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The Delaware Education System


Winterthur museum Delaware
Winterthur museum Delaware

Although the general assembly created a public school fund in 1796, no use was made of it until 1817 and 1818, when $1,000 was allocated to each county for the education of poor children. In 1829 the legislature passed “An Act for the Establishment of Free Schools.” Under the terms of the act, Delaware was divided into school districts, which were empowered to raise funds that would be matched, up to $300, by state funds. However, no district was compelled to raise money or to open a school.Delaware now has a modern school system. The seven members of the state board of education are appointed by the governor and confirmed by the state senate. Six of the members serve six year terms; the seventh serves at the pleasure of the governor. The state secretary of education is appointed by the governor, approved by the state senate, and serves at the pleasure of the governor. School attendance in Delaware is compulsory for all children from the ages of 5 to 16. Some 22 percent of the state’s children attend private schools.

In the 2004–2005 school year Delaware spent $12,534 on each student’s education, compared to a national average of $9,910. There were 15.2 students for every teacher (the national average was 15.5). Of those older than 25 years of age in the state, 87.4 percent had a high school diploma, compared to an average of 84.5 percent for the nation as a whole.

The first state institution of higher education, Newark College (now the University of Delaware, at Newark) was founded in 1833. In 2006–2007 Delaware had 5 public and 5 private institutions of higher education. Among the most notable of these schools, besides the University of Delaware, were Delaware State University and Wesley College, both in Dover; Goldey-Beacom College and Widener University School of Law, both in Wilmington; and Wilmington College, in New Castle.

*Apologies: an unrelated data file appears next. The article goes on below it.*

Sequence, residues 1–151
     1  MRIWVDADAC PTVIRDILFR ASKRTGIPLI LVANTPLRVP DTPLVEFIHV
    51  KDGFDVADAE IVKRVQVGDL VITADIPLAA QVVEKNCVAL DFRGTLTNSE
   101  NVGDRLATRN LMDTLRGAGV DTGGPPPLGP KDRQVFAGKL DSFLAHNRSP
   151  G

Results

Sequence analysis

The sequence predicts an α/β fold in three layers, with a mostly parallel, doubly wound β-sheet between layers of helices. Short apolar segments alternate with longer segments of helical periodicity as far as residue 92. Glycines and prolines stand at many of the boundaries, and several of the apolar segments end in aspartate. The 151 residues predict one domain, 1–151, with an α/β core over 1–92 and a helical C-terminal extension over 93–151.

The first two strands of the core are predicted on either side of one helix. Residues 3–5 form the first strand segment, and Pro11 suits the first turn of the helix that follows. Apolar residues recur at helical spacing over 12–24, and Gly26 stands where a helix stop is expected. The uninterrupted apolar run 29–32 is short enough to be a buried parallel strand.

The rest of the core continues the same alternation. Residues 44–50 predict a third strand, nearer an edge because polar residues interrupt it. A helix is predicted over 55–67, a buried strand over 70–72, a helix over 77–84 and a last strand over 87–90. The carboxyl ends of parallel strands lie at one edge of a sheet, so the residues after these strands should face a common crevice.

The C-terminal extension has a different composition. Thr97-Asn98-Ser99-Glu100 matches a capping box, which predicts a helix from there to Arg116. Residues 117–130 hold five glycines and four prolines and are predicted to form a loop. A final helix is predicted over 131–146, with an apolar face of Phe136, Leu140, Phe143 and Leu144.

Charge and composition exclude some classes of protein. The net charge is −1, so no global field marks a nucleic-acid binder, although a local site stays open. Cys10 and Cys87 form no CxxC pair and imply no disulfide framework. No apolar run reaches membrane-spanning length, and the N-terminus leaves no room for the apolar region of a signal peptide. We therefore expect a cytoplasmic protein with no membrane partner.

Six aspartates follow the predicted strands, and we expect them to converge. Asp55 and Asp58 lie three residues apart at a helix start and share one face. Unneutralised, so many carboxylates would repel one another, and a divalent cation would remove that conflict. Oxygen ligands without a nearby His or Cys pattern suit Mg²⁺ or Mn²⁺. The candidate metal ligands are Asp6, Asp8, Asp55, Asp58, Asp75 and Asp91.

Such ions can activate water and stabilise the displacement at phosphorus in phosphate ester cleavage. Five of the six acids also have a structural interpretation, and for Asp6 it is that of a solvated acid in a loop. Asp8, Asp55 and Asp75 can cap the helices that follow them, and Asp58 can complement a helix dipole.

Delaware had 21 public tax-supported libraries in 2004. Each year libraries in the state circulate an average of 6.4 books for every resident. The Wilmington Institute Library, which dates from the 18th century, is the oldest library in Delaware. The largest library in the state is the University of Delaware’s library, with about 2.4 million volumes, including 2,000 volumes on the public and private life of Abraham Lincoln. Outstanding libraries devoted to the history of Delaware include the Delaware Public Archives, in Dover, and the library of the Historical Society of Delaware, in Wilmington. The Eleutherian Mills-Hagley Foundation, in Greenville, has a noted collection on American economic history.

Museums


Located on the former country estate of Henry Francis du Pont, the Winterthur Museum, Garden, and Library in Winterthur has exhibits of furniture and household goods of the period from 1640 to 1840. The museum is open to the public for guided tours. Other important museums include the museum of the Historical Society and the Delaware Art Museum, both in Wilmington; the Delaware State Museums, in Dover; and the Delaware Museum of Natural History, in Wilmington. The Hagley Museum, in Wilmington, is a museum of American industrial history. The Zwaanendael Museum, in Lewes, was built by the state in 1931 to mark the 300th anniversary of the Dutch settlement in 1631.

Communications


It is believed that the first newspaper in the state was the Wilmington Courant, which was published for six months in 1762. The oldest continuously published newspaper is the Delaware Gazette, which continues today as the Wilmington News Journal. One of Delaware’s most notable publications was the former weekly newspaper entitled The Blue Hen’s Chicken. It was published and edited in the mid-19th century by Francis Vincent, who used the newspaper to advocate programs of civil rights, labor reform, and public service. There are 2 daily newspapers published in the state. The Wilmington News Journal, which is the state’s largest newspaper in circulation, has daily statewide circulation. The Delaware State News is published daily in Dover. Delaware has 9 AM and 12 FM radio stations. Several cable television systems operate in the state, and WHYY, a publicly supported educational television station, maintains studios in Wilmington and Philadelphia. The state’s first radio station, WDEL, in Wilmington, began operations in 1922. "Delaware" © Emmanuel BUCHOT, Encarta, Wikipedia

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